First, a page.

Once on the top there was more up and down but it was mostly quite gentle. Martin took a short side trip up School Knott from where you can see Windermere town and lake while I sat on a log. Going down to Bowness was easy. It’s a gentle walk with plenty of trees around. You come to the official end of the walk a bit above the village. There’s a stone seat and a small plaque saying it’s 81 miles to Ilkley. We were just getting ready to take some photos when a group of six young ladies arrived and sat down in front of us. They were not dressed for a long walk, but did eventually leave when we hinted that we really wanted to take some photos.

End of the Dales Way

End of the Dales Way

Bowness and Ambleside to Home

It was less than ten minutes down to the lake at Bowness but what a contrast from the tranquility on the walk. Bowness was seething with unmasked people wandering around aimlessly or queuing for a lake cruise or just eating ice cream or drinking. We quickly took our photos standing among the Canada geese on the lake edge then looked for some tea.

The Belsfield Hotel is an imposing building a short way up on the hillside overlooking the lake. When I was a student I spent eight weeks in summer 1967 working there cleaning corridors and bathrooms. I had never been back. It’s now a Laura Ashley Hotel and has been done up for the luxury market. A menu by a little gate up to the hotel included a cream tea. We decided to celebrate finishing our walk by indulging.

View from the Belsfield Hotel

View from the Belsfield

A table had just become empty and so we sat outside feeling a bit incongruous in our hiking gear. The tea was excellent with two large scones each and in the north of England they don’t care whether you put the cream or the jam on first.

The hordes had mostly vanished by the time we had finished our tea. We had a bit of time spare and so took the open top bus along the lakeside to Ambleside where we walked up to its most famous landmark, the house on the bridge. I remember it being a small souvenir shop but it was now closed, I suppose for safety reasons.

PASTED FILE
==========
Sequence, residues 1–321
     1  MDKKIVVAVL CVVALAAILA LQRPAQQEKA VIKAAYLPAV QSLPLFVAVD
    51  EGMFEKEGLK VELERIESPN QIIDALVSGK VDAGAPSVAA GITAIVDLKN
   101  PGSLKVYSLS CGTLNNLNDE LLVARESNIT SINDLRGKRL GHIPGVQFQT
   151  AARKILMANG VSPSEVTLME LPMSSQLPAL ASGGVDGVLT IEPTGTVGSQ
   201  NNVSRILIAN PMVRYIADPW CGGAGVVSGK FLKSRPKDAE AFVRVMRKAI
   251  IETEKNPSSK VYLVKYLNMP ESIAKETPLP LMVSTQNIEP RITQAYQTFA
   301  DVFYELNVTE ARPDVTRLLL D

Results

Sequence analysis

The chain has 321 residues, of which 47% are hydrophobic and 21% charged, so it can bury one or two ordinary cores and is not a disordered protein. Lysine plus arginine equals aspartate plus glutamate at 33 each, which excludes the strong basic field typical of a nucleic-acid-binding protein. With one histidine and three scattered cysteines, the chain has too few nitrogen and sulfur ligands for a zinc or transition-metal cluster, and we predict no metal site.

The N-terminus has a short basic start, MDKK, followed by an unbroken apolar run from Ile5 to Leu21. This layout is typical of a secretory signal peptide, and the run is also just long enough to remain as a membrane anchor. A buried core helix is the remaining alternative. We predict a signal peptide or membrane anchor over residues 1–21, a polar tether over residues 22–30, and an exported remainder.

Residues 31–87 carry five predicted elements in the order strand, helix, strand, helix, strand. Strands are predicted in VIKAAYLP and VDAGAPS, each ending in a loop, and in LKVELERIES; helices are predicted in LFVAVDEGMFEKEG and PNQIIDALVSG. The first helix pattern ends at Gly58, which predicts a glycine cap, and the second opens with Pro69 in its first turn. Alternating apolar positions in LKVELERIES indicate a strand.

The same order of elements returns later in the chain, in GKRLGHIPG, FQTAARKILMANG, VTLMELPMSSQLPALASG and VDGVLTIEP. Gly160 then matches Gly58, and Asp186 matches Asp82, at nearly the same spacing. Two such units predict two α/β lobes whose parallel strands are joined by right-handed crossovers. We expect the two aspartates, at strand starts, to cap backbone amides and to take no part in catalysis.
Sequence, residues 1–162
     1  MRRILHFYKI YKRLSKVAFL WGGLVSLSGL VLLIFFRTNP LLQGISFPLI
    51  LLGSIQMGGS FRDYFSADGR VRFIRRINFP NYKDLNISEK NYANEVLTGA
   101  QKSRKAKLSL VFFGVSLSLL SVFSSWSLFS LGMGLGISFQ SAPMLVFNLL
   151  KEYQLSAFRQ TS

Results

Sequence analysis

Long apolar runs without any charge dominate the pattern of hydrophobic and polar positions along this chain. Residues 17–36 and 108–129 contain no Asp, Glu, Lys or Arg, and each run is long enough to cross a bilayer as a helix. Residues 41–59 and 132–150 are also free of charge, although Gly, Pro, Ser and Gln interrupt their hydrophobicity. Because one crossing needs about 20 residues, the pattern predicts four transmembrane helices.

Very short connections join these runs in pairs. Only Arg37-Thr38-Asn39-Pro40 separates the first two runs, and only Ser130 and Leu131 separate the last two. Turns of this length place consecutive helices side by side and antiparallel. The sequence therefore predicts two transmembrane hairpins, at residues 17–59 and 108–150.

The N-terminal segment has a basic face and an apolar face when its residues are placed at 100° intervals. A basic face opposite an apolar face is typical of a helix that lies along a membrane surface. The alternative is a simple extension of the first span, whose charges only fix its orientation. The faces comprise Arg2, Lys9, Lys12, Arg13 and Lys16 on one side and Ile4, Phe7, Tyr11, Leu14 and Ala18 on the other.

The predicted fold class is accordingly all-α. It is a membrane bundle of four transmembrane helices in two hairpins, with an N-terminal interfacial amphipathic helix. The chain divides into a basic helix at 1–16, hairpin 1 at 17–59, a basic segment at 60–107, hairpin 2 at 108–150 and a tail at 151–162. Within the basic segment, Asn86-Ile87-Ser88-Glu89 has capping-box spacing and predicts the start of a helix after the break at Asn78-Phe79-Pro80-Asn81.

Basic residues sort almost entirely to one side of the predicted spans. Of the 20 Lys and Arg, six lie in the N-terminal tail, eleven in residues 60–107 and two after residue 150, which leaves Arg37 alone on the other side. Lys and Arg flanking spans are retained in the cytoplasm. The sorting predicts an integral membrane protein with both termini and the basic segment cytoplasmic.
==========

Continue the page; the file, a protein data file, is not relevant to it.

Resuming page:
. House on the Bridge, Ambleside

House on the Bridge, Ambleside

We took another bus back to Staveley, changed our footwear and headed again to Sainsburys to pick up a microwave meal for dinner and to get petrol.

There is a choice of routes to Kendal from Nidd Cottage. We decided to come home along Wensleydale rather than take the A65 via Skipton. The road was deserted and there were very few people sitting outside. Might it be because of a football match? We didn’t care as we made it to Nidd Cottage in 1 hour 53 minutes and were eating dinner within 20 minutes of getting home. My fitbit recorded 25813 steps for the day.

Practicalities

It’s almost impossible to get lost on the Dales Way. There are very frequent signs with the walk logo. An essential book for doing this walk is Dales Way The Complete Guide by Colin Speakman. The route is described in great detail with 24 maps each filling a page and covering between 2.5 and 3.5 miles of the walk. Landmarks are shown on the maps as are field boundaries, gates and the very few stiles. There are also detailed descriptions of each section and short pieces about items of local interest.

We also used the Harvey Long Distance Route Dales Way map which divides the walk into six sections with extras showing link routes from Leeds, Bradford and Harrogate. This map shows all the contours and so you know how many hills you are letting yourself in for.

The Wikipedia article on the Dales Way, recently updated by Martin, is another useful source of information with links to many of the villages on the route.

We proved that you can do it using public transport to get back to your car. All the timetables are online and every bus and train we needed turned up on time and had plenty of room. We met and chatted to several other walkers, mostly couples. Plenty of dogs, even small ones, were walking as well, but dog owners do need to be careful as there are a lot of sheep in this part of the world.

Click to enlarge

There are more posts on our travels here.

Note: The format of this post is a bit different from my earlier ones as WordPress no longer includes some of the functions I used.

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A Very Peculiar Year: 2020

From the outset we knew that 2020 was going to be a peculiar year for us. In November 2019 we decided that we wanted to stay in Nidderdale and that we should sell our house in Oxford. We moved into Ardmore on Christmas Eve 1981 but it was becoming clear now that the house was too big for us and that the neighbourhood was changing. Leaving there for good would be a wrench but we knew we had to face up to it some time.